New York University study: Infantile memory study points to critical periods in early-life learning for brain development

19 Jul

Prolonged stress can have adverse effects on humans. Moi wrote about the Adverse Childhood Experiences Study in Study: Some of the effects of adverse stress do not go away:

Sarah D. Sparks writes in the Education Week article, Research Traces Impacts of Childhood Adversity:

Research from Dr. Shonkoff’s center and from other experts finds that positive stress—the kind that comes from telling a toddler he can’t have a cookie or a teenager that she’s about to take a pop quiz—causes a brief rise in heart rate and stress hormones. A jolt can focus a student’s attention and is generally considered healthy.

Similarly, a child can tolerate stress that is severe but may be relatively short-term—from the death of a loved one, for example—as long as he or she has support….

‘Toxic’ Recipe

By contrast, so-called “toxic stress” is severe, sustained, and not buffered by supportive relationships.

The same brain flexibility, called plasticity, that makes children open to learning in their early years also makes them particularly vulnerable to damage from the toxic stressors that often accompany poverty: high mobility and homelessness; hunger and food instability; parents who are in jail or absent; domestic violence; drug abuse; and other problems, according to Pat Levitt, a developmental neuroscientist at the University of Southern California and the director of the Keck School of Medicine Center on the Developing Child in Los Angeles…. http://www.edweek.org/ew/articles/2012/11/07/11poverty_ep.h32.html?tkn=QLYF5qldyT3U0BI0xqtD5885mihZIxwbX4qZ&cmp=clp-edweek

Here is information about the Adverse Child Experiences Study. The Centers for Disease Control and Prevention provides access to the peer-reviewed publications resulting from The ACE Study. http://acestudy.org/

https://drwilda.com/2012/11/09/study-some-of-the-effects-of-adverse-stress-do-not-go-away/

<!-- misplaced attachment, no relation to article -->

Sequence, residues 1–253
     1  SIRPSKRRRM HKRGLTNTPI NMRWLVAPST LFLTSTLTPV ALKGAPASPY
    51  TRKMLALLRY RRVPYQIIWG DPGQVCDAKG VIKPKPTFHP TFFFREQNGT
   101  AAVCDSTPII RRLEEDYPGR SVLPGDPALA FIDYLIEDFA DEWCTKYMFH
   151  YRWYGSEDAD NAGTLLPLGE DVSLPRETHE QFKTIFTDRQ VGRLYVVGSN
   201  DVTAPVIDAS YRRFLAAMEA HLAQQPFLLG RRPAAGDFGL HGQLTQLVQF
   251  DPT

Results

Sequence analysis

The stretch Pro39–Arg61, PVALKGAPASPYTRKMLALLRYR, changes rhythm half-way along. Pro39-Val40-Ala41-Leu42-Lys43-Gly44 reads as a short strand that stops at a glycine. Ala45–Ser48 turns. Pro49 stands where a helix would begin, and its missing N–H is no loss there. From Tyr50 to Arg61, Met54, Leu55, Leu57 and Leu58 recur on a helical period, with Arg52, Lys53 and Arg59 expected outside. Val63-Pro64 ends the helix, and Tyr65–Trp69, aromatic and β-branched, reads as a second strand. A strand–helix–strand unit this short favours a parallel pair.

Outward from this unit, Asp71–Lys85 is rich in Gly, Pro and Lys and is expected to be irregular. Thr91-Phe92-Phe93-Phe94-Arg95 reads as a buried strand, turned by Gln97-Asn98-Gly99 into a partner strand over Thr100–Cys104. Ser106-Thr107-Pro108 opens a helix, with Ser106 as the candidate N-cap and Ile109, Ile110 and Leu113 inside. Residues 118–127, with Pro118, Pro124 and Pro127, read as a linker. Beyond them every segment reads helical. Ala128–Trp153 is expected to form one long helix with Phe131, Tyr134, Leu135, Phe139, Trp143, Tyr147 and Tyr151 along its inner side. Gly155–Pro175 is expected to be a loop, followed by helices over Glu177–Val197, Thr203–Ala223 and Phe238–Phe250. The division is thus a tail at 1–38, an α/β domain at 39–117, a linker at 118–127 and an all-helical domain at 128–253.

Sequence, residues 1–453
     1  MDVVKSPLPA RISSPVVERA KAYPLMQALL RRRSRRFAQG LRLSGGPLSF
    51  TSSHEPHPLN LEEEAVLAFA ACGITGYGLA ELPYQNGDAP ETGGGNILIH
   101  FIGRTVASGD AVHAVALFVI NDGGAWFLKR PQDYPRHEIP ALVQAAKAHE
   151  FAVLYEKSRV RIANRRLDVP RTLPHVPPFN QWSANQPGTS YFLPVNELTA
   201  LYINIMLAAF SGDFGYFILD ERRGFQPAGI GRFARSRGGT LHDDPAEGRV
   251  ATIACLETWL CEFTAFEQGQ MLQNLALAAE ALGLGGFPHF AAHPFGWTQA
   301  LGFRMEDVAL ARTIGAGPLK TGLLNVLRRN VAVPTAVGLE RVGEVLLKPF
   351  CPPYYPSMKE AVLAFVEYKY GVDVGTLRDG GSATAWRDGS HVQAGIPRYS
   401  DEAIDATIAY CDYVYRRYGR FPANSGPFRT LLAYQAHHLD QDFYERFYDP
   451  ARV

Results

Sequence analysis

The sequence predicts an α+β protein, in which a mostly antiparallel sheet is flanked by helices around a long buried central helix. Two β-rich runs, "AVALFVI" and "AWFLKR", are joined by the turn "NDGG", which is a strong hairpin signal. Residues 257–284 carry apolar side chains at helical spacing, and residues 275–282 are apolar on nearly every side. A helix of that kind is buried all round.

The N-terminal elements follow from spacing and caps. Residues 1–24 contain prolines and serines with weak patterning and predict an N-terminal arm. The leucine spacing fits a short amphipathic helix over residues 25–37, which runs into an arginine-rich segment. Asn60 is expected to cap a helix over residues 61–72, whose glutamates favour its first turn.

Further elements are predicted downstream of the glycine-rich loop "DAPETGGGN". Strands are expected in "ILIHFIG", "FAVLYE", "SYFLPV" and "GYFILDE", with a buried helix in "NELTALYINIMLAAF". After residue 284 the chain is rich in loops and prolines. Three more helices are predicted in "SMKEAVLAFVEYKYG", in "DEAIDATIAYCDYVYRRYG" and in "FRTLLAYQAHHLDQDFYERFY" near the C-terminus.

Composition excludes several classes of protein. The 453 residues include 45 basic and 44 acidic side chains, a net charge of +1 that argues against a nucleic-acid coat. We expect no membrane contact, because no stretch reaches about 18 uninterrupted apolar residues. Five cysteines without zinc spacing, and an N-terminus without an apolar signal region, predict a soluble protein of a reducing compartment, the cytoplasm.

Science Daily reported in Infantile memory study points to critical periods in early-life learning for brain development:

A new study on infantile memory formation in rats points to the importance of critical periods in early-life learning on functional development of the brain. The research, conducted by scientists at New York University’s Center for Neural Science, reveals the significance of learning experiences over the first two to four years of human life; this is when memories are believed to be quickly forgotten — a phenomenon known as infantile amnesia.

“What our findings tell us is that children’s brains need to get enough and healthy activation even before they enter pre-school,” explains Cristina Alberini, a professor in NYU’s Center for Neural Science, who led the study. “Without this, the neurological system runs the risk of not properly developing learning and memory functions…”

In their study, which appears in the journal Nature Neuroscience, the researchers examined the mechanisms of infantile memory in rats — i.e., memories created 17 days after birth. This is the equivalent of humans under the age of three and when memories of who, what, when, and where — known as episodic memories — are rapidly forgotten. The phenomenon, referred as to “infantile or childhood amnesia,” is in fact the inability of adults to retrieve episodic memories that took place during the first two to four years of life.

In addressing this matter, Alberini and her colleagues compared rats’ infantile memory with that when they reached 24 days old — that is, when they are capable of forming and retaining long-term memories and at an age that roughly corresponds to humans at six to nine years old.

The episodic memory tested in the rodents was the memory of an aversive experience: a mild foot shock received upon entering in a new place. Adult rats, like humans, remember unpleasant or painful experiences that they had in specific places, and then avoid returning to them.

To do so, rodents were placed in a box divided into two compartments: a “safe” compartment and a “shock” compartment. During the experiment, each rat was placed in the safe compartment with its head facing away from the door. After 10 seconds, the door separating the compartments was automatically opened, allowing the rat access to the shock compartment. If the rat entered the shock compartment, it received a mild foot shock.

The first set of results was not surprising. The authors found infantile amnesia for the 17 day-old rats, which showed avoidance of the “shock” compartment right after the experience, but lost this memory very rapidly: a day later these rats quickly returned to this compartment. In contrast, the rats exposed to the shock compartment at 24 days of life learned and retained the memory for a long time and avoided this place — revealing a memory similar to that of adult rats.